Is Liz Taylor's gay manager about to inherit her millions?
There were many rules observed behind the towering hedges and high iron gates at 700 Nimes Road in Bel Air, Los Angeles.
The green velvet drapes in the master bedroom were to be opened by the gloved hand of the French butler only when the lady of the house said she was ready. If she wanted breakfast at 5pm, that is what she got.
All the rooms had to be scented with white gardenias — her favourite flowers.
Close friend: Jason Winters could inherit Liz Taylor's fortune - a belief shared by Taylor's four children
No one was to ever, under any circumstances, put through telephone calls from her former husband Larry Fortensky.
And she was never, ever, ever to be referred to as Liz. She was Dame Elizabeth to everyone, even her nearest, dearest and closest companions. But then, right to the end, the Dame was gutsy, spoiled, foul-mouthed and toweringly sentimental.
Yesterday, her funeral was held at the Californian cemetery where Michael Jackson was buried. The actress — who died of a heart attack — was buried just a day after her death, in accordance with her adopted Jewish faith.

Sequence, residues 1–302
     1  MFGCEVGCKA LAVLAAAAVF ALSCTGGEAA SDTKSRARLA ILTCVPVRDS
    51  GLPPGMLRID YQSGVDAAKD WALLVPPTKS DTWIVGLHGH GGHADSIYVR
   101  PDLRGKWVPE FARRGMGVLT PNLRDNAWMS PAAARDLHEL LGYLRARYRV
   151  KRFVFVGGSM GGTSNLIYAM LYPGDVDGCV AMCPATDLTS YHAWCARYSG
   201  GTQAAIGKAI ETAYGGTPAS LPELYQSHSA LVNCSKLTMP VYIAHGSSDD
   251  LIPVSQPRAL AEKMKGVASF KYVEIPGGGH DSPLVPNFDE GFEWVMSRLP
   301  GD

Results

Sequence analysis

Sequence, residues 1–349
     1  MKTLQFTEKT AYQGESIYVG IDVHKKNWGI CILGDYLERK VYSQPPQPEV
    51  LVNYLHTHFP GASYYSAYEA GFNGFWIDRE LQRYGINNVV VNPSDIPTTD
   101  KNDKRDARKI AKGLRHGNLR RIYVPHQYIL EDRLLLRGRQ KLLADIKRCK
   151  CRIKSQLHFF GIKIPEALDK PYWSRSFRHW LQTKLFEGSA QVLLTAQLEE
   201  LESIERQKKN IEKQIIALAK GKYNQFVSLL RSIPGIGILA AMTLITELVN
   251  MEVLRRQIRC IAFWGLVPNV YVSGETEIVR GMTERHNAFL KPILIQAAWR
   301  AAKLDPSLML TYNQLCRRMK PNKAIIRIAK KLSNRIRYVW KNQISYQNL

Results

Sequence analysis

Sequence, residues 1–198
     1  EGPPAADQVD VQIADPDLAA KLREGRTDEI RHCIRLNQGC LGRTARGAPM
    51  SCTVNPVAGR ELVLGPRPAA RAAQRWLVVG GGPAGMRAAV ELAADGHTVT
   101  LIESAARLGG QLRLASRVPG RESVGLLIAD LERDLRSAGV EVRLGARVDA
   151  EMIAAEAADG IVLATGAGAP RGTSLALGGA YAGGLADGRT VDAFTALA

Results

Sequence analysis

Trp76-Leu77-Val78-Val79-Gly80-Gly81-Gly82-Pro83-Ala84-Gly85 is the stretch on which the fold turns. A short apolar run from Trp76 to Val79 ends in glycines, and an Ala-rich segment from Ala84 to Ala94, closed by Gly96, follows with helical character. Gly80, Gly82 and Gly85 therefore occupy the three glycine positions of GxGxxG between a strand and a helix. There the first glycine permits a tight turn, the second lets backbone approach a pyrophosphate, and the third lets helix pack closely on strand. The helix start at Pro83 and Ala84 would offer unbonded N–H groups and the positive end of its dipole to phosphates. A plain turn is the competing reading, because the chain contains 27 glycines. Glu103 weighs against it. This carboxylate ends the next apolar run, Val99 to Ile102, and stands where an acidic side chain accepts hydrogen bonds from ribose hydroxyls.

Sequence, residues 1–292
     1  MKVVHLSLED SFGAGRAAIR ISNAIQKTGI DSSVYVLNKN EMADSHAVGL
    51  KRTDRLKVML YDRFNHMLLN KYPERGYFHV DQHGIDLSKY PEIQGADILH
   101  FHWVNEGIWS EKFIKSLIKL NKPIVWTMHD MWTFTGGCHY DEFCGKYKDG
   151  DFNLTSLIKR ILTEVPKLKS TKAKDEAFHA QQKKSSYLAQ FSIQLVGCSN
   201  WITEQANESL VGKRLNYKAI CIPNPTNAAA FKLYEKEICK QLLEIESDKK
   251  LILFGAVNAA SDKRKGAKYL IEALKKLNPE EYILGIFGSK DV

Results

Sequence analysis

Quite where she would be buried had immediately become a source of intense speculation and controversy.
She had previously insisted she wanted to be laid to rest next to her great love Richard Burton in Switzerland. But reports in the U.S. said the 79-year-old would be interred at the Forest Lawn Memorial Park in Glendale, Los Angeles, near to the grave of her close friend Michael Jackson.
The private funeral service was attended by close relatives, including her four children who were with her in hospital before her death on Wednesday.
Members of the Burton family said they would honour her wish to be buried near his home village in South Wales if that desire was included in her will.
What's in the will? A fleet of limousine's arrives at Forest Lawn Memorial Park for Liz Taylor's funeral
During their passionate on-off romance, Miss Taylor and Mr Burton had discussed being buried side-by-side at a cemetery in Pontrhydyfen, near Port Talbot, though he was eventually buried near his home in Celigny, Switzerland.
Intriguingly, Burton’s widow Sally bought the adjoining plot and placed a large headstone across the two graves in a move widely interpreted as a deliberate ploy to ensure that Miss Taylor could not be buried next to him.